Pop Recs Ltd: Futureheads star Barry Hyde condemns closure of venue that hosted likes of Franz Ferdinand and James Bay

Exclusive: Futureheads frontman tells The Independent how becoming involved with shop had 'hugely positive impact' on his mental health

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The Independent Online

Musicians including Futureheads star Barry Hyde have decried the closure of a venue that has become a “central part of the Sunderland music and arts world” over the past two years.

Pop Recs Ltd, which was set up by the award-winning band Frankie and the Heartstrings, and has hosted free gigs by acts including Franz Ferdinand and James Bay, closed its doors at the weekend after the local council sold the premises to build student flats.

Frankie and the Heartstrings drummer Dave Harper said it was a “truly sad situation” that the shop – which had grown into a community hub for artists, musicians and other creative to gather, had been shut down.

“I never saw it as a record store – it’s a community project,” Harper told The Independent.

Pop Recs was only supposed to be open for a two-week stint but the band was compelled to keep it open as increasing numbers of local people became invested in the space, setting up toddler groups, “stitch and bitch” sessions and poetry nights. It also became a place for people with mental health problems to meet and relax.

Getting involved with Pop Recs has had a “hugely positive impact” on Hyde’s mental health, the Futureheads frontman told The Independent.

 

Hyde, who has bipolar disorder, has been working as a private music tutor, operating from Pop Recs’ premises.

“Pop Recs has been very important to me. I was able to take a room there, set up a piano and a drum kit and crank the amp up,” he said.

“An important factor in a person’s mental health is their self-esteem. If you’re creating positive things in your town or city, that’s good for your self-esteem. There’s camaraderie between people who work at Pop Recs and the punters. It’s a lovely atmosphere,” the musician added.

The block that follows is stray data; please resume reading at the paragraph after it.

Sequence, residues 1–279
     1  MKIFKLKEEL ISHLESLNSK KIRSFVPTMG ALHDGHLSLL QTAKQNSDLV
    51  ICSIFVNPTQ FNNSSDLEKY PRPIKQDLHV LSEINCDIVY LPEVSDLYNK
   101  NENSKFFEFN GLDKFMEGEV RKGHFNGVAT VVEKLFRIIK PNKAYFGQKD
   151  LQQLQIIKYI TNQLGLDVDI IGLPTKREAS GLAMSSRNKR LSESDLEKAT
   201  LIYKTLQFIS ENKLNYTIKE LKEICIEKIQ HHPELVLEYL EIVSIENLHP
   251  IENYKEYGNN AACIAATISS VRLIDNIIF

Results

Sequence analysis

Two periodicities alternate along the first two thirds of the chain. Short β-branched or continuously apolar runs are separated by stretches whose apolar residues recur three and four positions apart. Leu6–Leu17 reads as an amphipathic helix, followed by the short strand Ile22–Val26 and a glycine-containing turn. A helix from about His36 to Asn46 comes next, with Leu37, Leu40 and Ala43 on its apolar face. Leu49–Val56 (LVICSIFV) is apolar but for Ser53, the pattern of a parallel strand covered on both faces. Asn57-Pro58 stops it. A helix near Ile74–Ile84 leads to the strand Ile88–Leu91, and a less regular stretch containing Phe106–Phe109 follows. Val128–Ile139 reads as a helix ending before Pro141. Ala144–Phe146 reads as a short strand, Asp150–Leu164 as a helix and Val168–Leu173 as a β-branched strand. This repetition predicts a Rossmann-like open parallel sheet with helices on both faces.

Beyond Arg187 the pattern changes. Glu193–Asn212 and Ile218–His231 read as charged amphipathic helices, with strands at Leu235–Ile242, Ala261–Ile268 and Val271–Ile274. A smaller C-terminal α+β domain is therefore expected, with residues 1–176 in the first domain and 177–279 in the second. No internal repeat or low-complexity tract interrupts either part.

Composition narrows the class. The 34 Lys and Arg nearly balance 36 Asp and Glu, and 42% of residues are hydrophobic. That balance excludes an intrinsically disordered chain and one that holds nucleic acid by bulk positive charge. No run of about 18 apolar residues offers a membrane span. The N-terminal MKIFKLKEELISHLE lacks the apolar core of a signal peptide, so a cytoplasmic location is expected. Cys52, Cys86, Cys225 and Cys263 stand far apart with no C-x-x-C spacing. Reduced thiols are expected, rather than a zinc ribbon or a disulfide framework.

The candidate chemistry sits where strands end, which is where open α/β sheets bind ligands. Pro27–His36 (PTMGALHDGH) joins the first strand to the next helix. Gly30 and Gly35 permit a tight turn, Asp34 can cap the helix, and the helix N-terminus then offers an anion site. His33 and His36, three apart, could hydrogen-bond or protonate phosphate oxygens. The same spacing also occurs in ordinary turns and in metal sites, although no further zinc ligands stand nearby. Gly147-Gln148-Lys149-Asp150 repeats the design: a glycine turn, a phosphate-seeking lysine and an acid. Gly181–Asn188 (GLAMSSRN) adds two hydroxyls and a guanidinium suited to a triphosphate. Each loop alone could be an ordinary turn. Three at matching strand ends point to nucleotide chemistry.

The closure of the venue will leave a “huge hole”, he said.

“The quality of entertainment in the city has gone through the roof since Pop Recs opened. It is a central part of the Sunderland music and arts world and we need it back,” he added.

Harper, who said his band only discovered that the building had been sold by Sunderland City Council after spotting a post on Twitter, said the blame didn’t lie entirely with the local authority.

“It’s not just their fault,” Harper said. “The system isn’t designed to nurture original models like this. I just hope it serves as an embarrassment to society – to watch something like this disappear when it brings nothing but positives.”

Sunderland City Council's cabinet secretary, Councillor Mel Speding said the building had been made available to Pop Recs on a short-term agreement since 2013.

“It was always understood how the council had to look to a long-term use for the property and that has now been secured with its development into student accommodation.

“This is in line with council objectives to see more people living and working in the city centre and, in the interests of council tax payers in these financially challenging times for local authorities, it secures a capital receipt.

“Naturally, with the success and popularity of Pop Recs, the council and others have been looking at ways and means of continuing and securing a similar venture elsewhere in the city centre.”

Harper is adamant that this is not the end for Pop Recs and is determined to continue the legacy of the group at another location in the city.

“It’s bricks and mortar,” he said of the building.

“I’ve just been to visit another venue that could be a new place for us. I’ve dedicated two years to my life to Pop Recs and I’m not giving up on this. I’m all in on this one,” he added.

“I know for a fact Pop Recs will continue and it will be stronger than ever,” Hyde agreed.

“I want to be part of that. The work we’ve done will not amount to nothing,” he added.

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